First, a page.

A crash course in the history of the saxophone, by jazz master Andy Sugg
“In her tunes, Kate is the band leader; in mine, I’m the leader. We have our own musical personalities; she’s as much a musical leader as I am.”
“I’m a senior player, but I don’t think retrospectively, because for me it’s still like I’m in the middle of what’s going on. Things are still moving forward, I’m thinking of the future all the time – how can my playing improve, how can my ideas become more sophisticated, or how can I express it better.”
Recorded with two different Andy Sugg Groups in those two darkly glittering Gothams of jazz, New York and Melbourne, the eight tracks on Tenorness span the breadth of the tenors expression in modern jazz.
“Well, the level of communication is very high. We know each other’s styles so well that the music always comes together in uncanny ways. This is a real asset when the music has a lot of improvisation, as ours does. It’s basically a musical conversation happening at a very high level. This is what the best jazz really is all about.”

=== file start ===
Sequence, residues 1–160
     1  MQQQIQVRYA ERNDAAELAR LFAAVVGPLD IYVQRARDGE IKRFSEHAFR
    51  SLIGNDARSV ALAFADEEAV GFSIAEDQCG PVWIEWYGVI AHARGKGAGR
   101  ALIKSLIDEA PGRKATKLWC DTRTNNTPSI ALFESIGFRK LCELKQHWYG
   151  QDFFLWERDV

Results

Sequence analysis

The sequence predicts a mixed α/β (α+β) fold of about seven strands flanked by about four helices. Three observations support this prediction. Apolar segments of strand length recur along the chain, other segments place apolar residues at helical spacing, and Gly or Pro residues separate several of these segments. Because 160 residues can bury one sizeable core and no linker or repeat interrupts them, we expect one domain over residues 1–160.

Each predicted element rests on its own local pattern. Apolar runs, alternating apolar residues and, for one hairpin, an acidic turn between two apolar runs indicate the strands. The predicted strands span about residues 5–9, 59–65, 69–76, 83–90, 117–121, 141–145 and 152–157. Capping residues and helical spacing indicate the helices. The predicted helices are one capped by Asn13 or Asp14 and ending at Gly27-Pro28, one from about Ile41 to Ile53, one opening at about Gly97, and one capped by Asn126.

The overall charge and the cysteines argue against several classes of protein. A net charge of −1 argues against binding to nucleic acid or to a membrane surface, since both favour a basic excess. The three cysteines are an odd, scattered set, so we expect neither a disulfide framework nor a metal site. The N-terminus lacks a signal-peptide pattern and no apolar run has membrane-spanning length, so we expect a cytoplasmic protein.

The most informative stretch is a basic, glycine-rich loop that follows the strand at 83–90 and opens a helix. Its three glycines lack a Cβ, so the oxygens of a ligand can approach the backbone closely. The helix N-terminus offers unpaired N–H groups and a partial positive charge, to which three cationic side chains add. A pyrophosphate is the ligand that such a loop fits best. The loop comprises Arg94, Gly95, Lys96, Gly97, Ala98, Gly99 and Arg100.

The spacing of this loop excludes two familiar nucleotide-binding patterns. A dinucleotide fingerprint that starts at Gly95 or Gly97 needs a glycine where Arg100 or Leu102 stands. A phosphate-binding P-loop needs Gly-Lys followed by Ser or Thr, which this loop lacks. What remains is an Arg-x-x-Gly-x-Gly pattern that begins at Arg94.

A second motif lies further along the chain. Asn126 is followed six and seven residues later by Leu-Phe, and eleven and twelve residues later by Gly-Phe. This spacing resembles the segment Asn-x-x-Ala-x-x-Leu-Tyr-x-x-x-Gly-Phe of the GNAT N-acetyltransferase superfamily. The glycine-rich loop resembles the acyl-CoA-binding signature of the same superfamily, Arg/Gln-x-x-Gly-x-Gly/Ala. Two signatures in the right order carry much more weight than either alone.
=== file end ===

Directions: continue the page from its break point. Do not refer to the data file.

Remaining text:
The band needs to be extraordinary to navigate Sugg’s remarkable compositions and bring them to vivid life – each tune is completely owned by the ensemble; the ensemble playing and solos leap from the speakers with a rush of blood and fire.
US sax giant Dave Liebman called Sugg ‘a dedicated warrior’ and throughout the album his tone and lines (restricted here to only soprano sax) are heroic as he leads his band through the music.
‘Andy Sugg is one of Australia’s most original, yet authentically evolved, post-Coltrane performers.’ – John McBeath, The Australian